In view of the mechanistic proposal in Fig. 1d, the above observations could be interpreted as follows: intermediate 4 corresponds to the product of the oxidative addition step (trans-A), 5 and 8 are the direct transmetallation products (trans-B and trans-E, respectively), while complex 6 serves as trans-D delivering acetylene to 4 in the transmetallation step. To close the Cycle B in Fig. 1d, the bisalkynylpalladium complex 6 (trans-D) is regenerated in a base mediated reaction between 8 (trans-E) and 2. Indeed, the high propensity of 8 to combine with 2 into 6 in the presence of a base (Fig. 3a) was confirmed by an independent experimental work (Supplementary Note 2).

Fig. 3
figure 3

Formation of some key catalytic intermediates. a Formation of acetylides 6 and 8. b Homocoupling of 4 to give trans-[PdIII2(PPh3)2] (7)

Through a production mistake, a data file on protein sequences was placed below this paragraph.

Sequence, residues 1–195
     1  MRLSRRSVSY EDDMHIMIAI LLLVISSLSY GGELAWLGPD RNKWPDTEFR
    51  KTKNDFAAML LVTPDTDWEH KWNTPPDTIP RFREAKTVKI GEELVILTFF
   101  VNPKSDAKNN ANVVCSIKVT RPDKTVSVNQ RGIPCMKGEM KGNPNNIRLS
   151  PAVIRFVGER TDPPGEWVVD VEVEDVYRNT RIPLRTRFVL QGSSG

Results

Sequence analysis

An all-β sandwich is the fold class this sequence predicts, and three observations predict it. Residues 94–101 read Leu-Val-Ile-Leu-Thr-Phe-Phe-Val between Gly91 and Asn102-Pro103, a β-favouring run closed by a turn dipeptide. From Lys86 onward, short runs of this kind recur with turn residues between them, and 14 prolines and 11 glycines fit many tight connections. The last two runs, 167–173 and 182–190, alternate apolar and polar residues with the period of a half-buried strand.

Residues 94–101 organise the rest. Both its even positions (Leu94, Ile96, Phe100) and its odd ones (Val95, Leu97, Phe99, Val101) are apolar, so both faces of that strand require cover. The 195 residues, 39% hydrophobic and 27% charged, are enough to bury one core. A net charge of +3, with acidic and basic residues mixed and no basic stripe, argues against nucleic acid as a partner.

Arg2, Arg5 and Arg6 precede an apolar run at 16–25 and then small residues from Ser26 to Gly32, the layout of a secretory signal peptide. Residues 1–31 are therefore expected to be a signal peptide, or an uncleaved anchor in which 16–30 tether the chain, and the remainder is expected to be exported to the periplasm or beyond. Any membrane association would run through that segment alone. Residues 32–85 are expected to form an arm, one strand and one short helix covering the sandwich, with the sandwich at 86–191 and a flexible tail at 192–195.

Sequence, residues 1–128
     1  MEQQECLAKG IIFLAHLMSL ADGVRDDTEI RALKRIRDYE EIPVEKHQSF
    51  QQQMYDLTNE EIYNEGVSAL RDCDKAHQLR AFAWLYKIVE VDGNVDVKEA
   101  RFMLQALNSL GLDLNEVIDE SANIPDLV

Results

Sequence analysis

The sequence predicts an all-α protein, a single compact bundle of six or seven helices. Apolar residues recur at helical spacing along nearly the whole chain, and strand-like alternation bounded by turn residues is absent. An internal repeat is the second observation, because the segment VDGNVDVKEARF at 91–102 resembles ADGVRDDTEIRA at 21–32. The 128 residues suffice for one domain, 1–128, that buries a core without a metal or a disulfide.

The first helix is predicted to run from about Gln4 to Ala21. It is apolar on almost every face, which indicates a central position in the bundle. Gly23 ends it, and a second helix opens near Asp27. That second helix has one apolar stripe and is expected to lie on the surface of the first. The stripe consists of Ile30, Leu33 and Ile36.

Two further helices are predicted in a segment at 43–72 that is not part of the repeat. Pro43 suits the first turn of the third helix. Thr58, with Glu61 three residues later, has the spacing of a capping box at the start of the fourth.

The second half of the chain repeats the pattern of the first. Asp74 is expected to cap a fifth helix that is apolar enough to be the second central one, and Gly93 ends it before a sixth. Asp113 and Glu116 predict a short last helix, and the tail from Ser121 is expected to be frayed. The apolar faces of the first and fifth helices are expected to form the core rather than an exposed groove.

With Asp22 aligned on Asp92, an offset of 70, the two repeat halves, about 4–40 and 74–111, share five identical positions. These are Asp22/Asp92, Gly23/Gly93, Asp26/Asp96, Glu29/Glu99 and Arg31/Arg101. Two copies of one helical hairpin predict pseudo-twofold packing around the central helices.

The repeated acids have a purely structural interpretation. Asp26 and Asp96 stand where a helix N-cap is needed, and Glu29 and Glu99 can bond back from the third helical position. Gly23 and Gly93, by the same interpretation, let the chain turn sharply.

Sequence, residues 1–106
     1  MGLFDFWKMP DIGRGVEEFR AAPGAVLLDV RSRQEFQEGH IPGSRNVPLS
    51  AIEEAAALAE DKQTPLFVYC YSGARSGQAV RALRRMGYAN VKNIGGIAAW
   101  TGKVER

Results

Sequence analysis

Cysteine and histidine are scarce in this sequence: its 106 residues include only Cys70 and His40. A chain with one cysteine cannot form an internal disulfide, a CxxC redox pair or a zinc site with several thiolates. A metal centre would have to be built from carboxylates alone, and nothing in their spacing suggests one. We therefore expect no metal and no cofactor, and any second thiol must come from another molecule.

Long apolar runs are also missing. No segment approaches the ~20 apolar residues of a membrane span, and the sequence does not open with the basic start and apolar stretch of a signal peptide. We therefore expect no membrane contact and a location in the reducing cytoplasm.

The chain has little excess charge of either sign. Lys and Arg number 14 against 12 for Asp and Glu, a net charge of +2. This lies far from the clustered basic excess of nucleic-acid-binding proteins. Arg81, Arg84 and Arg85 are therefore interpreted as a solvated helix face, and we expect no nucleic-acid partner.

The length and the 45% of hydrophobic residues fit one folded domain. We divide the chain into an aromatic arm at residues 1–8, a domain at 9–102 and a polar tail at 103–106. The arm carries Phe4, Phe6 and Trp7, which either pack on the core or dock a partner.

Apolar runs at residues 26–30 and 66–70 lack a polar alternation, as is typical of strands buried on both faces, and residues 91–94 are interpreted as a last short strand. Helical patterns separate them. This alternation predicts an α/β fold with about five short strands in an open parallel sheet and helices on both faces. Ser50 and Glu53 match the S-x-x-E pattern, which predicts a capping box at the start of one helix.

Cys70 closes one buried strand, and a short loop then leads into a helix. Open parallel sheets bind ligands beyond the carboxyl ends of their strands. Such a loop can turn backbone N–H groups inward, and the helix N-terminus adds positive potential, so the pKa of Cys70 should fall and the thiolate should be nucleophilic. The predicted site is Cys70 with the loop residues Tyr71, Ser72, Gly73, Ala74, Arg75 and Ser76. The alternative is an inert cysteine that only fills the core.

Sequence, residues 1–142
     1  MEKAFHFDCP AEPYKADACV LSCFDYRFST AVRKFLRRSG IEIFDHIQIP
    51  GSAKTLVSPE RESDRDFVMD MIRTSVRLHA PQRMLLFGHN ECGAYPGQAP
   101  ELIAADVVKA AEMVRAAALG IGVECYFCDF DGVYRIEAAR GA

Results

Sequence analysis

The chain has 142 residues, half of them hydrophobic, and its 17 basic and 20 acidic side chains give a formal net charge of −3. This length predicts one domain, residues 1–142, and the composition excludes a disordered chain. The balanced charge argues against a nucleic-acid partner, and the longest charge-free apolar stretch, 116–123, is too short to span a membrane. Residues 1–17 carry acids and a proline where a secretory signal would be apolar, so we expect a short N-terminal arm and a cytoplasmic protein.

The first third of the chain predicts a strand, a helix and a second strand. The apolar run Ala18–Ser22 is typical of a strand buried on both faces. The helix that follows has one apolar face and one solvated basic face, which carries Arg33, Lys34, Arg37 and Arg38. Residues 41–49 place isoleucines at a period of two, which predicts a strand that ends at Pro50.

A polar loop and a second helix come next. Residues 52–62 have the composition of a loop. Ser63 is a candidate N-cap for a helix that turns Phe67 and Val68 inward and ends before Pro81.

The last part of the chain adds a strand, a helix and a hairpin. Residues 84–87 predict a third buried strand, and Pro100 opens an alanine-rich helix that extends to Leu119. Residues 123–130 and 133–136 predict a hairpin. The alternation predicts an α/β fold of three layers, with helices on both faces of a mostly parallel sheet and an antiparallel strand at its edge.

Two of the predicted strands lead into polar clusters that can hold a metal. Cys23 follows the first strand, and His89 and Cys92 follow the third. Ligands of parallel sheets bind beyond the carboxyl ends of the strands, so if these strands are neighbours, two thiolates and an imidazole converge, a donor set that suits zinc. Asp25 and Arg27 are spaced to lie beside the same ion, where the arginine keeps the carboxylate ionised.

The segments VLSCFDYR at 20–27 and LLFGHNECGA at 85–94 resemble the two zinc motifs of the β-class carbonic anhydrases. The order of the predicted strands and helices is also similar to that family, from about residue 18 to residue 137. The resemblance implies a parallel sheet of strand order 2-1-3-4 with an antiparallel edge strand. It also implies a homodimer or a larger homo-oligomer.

The analysed reaction mixtures recorded for Reaction a and Reaction b in Fig. 2, reveal characteristically different courses of reactions. Namely, in Reaction a, the successive dissociation of PPh3 ligands from the [Pd0(PPh3)4] pre-catalyst generates the catalytically active Pd0 species ([Pd0(PPh3)2] or [Pd0PPh3])1,34, which undergoes oxidative addition with 1 to form 4 (trans-A). Along with 4 (trans-A), bisalkynylpalladium 6 (trans-D) is essential for the tandem catalytic cycle to operate. The latter complex is formed via homocoupling of 4 to give trans-[PdIII2(PPh3)2] (7) (Fig. 3b), which subsequently combines with acetylene 2 via the intermediacy of 8 (Fig. 3a, X = I). The ability of 4 to undergo homocoupling has been confirmed independently (Supplementary Note 4 and Supplementary Fig. 24). Due to the high reactivity of 8 towards acetylene 2 to form 6 we could not detect this species, unlike 7, in the reaction mixture of Reaction a (Fig. 2c). The fact that trans-5 (trans-B) could only be detected in Reaction a indicates its relatively slow reductive elimination into 3 that can be well explained by the presence of excess PPh3, which has a decelerating effect, as previously noticed by Stille et al.35 and discussed below.